Thus, Romanticism started experimenting with subjects and themes never seen before, while also connecting art with the liberal revolutions in 19th century Europe. Realism was the first movement that wanted to portray reality as it was – ugly, common, without any stylization. Impressionists and post-impressionists redefined art and added a lot of philosophy to the interpretation of their works, which now served a higher artistic purpose, rather than just being works of art. This aesthetic philosophy was brilliantly explained by the Italian philosopher and critic, Benedetto Croce, in his book Breviario di Estetica (1913). Avant-garde movements and abstract art completely changed art and gave it a new look, even a new purpose, stating for the first time in history that even something superficially incomprehensible can be art, with a deep philosophical and artistic purpose.
Although modern art is perceived to last until the 1970s, not much innovation was presented since after the 1950s and a lot of the movements were just reinventions of earlier ideas with something new and artist-orientated.
What is considered contemporary art?
Not all art historians agree that contemporary art actually exist, as they consider it to be a part of modern art. But we are not among them. We firmly believe that modern art ended around the middle of the 20th century, which is when contemporary art beings. So, contemporary art can be viewed as the artistic production of the second half of the 20th century and the 21st century.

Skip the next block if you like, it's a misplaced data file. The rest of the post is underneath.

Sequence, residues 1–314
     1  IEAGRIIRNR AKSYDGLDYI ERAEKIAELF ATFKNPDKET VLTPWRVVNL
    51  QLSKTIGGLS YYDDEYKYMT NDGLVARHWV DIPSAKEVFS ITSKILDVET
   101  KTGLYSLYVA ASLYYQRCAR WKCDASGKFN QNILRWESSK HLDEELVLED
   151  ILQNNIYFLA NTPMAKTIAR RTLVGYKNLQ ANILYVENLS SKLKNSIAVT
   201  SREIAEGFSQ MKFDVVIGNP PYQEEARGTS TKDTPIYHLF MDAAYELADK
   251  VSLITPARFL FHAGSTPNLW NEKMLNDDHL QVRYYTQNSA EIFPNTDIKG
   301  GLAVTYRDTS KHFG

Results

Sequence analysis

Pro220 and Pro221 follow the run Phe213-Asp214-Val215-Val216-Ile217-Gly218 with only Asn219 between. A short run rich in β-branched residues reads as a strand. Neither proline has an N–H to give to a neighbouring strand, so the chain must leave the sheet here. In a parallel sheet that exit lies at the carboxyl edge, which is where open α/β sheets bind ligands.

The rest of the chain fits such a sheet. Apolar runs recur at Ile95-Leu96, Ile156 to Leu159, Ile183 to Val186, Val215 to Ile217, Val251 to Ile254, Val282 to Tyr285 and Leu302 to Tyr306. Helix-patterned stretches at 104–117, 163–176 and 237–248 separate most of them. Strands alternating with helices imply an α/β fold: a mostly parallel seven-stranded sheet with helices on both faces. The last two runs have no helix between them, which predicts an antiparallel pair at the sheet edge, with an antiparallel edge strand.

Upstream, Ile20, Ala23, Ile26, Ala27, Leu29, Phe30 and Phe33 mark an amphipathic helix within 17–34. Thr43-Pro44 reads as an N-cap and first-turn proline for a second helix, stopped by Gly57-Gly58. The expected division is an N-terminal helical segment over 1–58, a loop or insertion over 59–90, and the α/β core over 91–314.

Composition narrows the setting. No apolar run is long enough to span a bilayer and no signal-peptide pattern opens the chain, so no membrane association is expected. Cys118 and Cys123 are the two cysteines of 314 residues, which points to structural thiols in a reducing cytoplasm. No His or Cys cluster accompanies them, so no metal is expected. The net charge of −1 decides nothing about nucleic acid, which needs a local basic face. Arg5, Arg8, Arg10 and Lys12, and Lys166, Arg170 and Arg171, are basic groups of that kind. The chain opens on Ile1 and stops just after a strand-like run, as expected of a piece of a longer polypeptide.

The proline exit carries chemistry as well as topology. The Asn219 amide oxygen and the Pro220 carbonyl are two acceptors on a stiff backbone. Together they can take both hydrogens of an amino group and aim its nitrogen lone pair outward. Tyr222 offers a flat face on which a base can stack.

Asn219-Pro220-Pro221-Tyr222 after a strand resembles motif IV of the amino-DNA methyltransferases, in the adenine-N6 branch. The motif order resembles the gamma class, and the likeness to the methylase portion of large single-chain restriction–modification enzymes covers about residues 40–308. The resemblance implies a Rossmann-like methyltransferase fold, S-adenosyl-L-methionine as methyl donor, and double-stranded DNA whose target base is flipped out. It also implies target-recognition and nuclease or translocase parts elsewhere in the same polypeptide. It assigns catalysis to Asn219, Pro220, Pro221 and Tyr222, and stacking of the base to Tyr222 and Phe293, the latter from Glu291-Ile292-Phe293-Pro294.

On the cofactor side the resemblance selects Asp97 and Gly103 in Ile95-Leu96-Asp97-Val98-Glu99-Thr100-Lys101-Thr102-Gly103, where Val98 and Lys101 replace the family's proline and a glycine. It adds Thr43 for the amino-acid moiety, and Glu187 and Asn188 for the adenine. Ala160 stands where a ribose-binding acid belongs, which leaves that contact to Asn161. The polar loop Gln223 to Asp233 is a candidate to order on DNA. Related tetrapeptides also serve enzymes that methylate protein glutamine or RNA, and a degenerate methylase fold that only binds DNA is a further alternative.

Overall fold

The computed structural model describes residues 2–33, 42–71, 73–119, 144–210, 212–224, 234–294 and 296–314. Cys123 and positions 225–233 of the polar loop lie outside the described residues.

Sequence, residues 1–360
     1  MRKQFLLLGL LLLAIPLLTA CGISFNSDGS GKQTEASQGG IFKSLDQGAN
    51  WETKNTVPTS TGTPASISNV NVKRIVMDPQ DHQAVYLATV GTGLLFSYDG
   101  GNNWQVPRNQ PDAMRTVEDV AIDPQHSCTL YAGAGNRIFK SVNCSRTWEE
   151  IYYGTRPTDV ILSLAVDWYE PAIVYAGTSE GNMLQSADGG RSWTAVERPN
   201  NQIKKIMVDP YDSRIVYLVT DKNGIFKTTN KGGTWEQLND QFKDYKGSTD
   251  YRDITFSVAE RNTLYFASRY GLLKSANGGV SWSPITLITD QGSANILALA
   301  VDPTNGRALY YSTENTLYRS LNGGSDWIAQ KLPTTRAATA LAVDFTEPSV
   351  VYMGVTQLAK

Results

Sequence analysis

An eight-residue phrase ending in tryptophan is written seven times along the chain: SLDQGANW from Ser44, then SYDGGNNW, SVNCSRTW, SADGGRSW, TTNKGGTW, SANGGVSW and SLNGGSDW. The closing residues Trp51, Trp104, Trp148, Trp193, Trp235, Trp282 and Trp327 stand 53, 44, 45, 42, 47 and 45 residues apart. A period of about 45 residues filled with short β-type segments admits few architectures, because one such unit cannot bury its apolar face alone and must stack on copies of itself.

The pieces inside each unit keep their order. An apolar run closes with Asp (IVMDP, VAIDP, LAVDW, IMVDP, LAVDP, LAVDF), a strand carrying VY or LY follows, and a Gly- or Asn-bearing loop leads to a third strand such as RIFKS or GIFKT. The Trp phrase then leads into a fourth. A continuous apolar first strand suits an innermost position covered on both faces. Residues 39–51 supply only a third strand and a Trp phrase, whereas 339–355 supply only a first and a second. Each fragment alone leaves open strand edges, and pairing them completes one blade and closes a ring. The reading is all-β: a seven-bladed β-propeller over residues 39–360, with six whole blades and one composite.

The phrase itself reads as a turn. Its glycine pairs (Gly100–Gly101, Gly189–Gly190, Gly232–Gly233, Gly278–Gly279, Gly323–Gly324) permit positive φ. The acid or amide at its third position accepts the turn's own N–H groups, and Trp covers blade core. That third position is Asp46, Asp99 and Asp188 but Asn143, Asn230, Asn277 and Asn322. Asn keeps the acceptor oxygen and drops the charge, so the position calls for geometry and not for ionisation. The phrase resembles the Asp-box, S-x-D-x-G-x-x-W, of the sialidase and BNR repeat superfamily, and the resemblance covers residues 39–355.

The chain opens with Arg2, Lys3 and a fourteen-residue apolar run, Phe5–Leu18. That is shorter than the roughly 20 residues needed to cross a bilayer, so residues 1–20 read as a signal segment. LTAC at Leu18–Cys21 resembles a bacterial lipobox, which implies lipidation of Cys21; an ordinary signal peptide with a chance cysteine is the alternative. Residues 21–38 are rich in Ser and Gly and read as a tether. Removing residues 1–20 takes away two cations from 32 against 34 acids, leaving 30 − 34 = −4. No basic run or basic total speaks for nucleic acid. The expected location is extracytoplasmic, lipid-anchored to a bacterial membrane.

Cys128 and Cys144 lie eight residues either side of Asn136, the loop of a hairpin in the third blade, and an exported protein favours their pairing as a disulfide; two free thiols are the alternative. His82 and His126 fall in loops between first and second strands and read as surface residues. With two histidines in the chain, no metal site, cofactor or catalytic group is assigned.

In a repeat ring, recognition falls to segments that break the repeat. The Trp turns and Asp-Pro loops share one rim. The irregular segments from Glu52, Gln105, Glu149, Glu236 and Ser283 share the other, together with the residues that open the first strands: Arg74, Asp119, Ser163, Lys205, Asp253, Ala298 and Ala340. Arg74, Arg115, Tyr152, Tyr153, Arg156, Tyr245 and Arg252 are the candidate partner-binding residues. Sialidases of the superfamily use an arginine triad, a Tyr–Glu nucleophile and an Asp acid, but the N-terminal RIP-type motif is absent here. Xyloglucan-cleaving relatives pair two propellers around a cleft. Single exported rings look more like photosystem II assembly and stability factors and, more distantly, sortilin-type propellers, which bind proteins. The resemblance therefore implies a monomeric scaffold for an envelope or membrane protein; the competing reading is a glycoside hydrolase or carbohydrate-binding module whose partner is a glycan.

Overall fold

Contemporary art is different from modern art. Whatever someone says – it just is. We are going to analyze the reasons in more detail in the following paragraphs, but the difference is dogmatically very, very different. Modern art aimed to redefine art, its execution and its function. It wanted to remain in the general framework of classical art, but change how that framework is perceived. This is why we value impressionism, expressionism, abstract art, neoplasticism, abstract expressionism and all the other movements from that period as revolutionary artistic ideas. They were still “classical” art in the broadest sense, but they were almost essentially different from their predecessors.
Since art had to evolve and the artists didn’t just want to imitate their predecessors and influences, they had to create something new. There wasn’t really that much space for a new form of artistic expression within the boundaries of “classical” art, because the modernists practically did everything that was possible. So, in order to be creative and original, the contemporary artists had to redefine the framework itself, i.e., the artwork.